There are three different types of employees. Before implementing employee engagement activities, figure out what type of employees you have.
When an employee is genuinely engaged, they are invested in their work and their company. However, truly engaged employees are a rarity. The State of the American Workplace 2018 report noted that only 33 percent of workers in the U.S. are engaged. That’s much better than the 13 percent average on a global scale, but still not what employers want to hear. If your employees are only showing up for the paycheck and benefits, you know they aren’t giving their best selves to the company. They may not even be doing the bare minimum. So how do you address employee engagement? By first understanding what it means, and implementing employee engagement activities that will boost workplace satisfaction.
We have good news. There are ways to gauge how engaged employees are and increase engagement for the majority who are simply coasting. First, it’s important to understand just what kind of employees you have.
Understanding Employee Engagement
There are three primary types of employees: engaged, not engaged, and actively disengaged. The engaged employees are passionate, go above and beyond, and are the innovators of the company. Not engaged employees are simply checked out. They show up and might do barely what’s necessary to not get noticed or fired, but they’re largely apathetic. However, if you have actively disengaged employees, they’re unhappy about their job and not afraid to show it. They are poison to a company and have the power to drag down morale.
The biggest untapped potential any employer has is the not engaged employee. They have potential to turn into engaged employees, but need the right kind of management. Unfortunately, they can be tough to spot because they’re the majority. One of the easiest ways to spot the not engaged is with an employee engagement score.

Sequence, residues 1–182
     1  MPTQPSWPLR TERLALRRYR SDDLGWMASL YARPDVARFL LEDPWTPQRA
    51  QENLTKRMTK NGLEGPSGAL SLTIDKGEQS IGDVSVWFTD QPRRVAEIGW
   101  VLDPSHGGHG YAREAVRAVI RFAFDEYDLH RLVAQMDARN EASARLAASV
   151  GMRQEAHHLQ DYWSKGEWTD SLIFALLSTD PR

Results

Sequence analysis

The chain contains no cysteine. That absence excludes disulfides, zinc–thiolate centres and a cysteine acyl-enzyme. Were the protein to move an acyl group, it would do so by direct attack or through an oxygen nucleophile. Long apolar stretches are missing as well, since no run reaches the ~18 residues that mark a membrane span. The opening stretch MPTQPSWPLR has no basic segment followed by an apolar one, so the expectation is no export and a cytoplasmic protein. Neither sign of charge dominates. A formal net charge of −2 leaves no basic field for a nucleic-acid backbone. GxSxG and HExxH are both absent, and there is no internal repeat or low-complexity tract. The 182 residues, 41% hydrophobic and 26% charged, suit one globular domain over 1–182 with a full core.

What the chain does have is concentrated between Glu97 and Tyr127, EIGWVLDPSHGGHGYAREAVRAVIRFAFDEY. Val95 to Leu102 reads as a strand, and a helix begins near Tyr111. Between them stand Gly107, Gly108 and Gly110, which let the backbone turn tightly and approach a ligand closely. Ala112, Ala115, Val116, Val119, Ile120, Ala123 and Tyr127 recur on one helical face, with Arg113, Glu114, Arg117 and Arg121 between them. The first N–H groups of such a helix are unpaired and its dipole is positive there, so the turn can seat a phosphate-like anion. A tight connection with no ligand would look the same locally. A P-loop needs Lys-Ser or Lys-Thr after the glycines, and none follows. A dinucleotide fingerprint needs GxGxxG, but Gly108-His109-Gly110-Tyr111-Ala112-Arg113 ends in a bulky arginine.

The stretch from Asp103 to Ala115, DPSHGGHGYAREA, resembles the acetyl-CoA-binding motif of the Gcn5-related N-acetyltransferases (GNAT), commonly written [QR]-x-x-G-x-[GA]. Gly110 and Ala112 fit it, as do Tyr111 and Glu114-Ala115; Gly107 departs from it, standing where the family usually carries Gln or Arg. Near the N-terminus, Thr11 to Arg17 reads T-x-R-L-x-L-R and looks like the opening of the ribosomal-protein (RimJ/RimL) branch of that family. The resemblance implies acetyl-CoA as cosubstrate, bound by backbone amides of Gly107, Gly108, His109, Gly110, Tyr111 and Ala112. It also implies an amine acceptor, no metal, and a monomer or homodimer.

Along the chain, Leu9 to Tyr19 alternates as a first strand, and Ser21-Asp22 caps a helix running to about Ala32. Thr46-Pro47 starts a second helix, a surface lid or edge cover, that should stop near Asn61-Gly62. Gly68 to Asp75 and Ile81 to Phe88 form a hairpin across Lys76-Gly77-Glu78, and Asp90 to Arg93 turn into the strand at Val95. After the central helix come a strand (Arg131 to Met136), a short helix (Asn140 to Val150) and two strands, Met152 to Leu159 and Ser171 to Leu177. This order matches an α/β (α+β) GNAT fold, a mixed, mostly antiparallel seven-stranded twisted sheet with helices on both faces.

What is An Employee Engagement Score?
These scores can be customized by each company, and are used to assess employee satisfaction. A five-point scale is usually implemented, with the highest score being a five. There’s no such thing as a standardized employee engagement score, but common questions might include, “Do you think employee satisfaction is a top priority at the company?” or “Would you recommend to a friend applying to this company?” Get started on building your own engagement survey with our customizable employee engagement survey template.
Scores can be rated on a curve, a T-score to eliminate variations, or any other method. It’s important to look for trends, such as if a particular question garnered unnaturally high or low scores.
What is the Importance of Employee Engagement?
Employee engagement is important because the weakest link theory is actively in play throughout companies. When the majority of employees are not engaged, that’s going to be the driving factor behind the company as a whole. Apathy and lack of interest are going to drag down overall productivity and lead to a subpar company culture. To prevent against your workplace community being impacted by negative employees, discover ways in which you can support and nurture a thriving workplace culture.
What are Employee Engagement Activities?
Optimizing engagement can and should be approached strategically. Employee engagement activities can be built into daily activities, business plans, and standard operating procedures. For example, including employees in decision-making processes, offering learning opportunities, and generating excitement about forthcoming events can all increase engagement.
When employees are engaged, everyone wins—including the employees. To keep your team on track and get in the habit of giving routine feedback, download our performance management eBook and see your engagement levels skyrocket.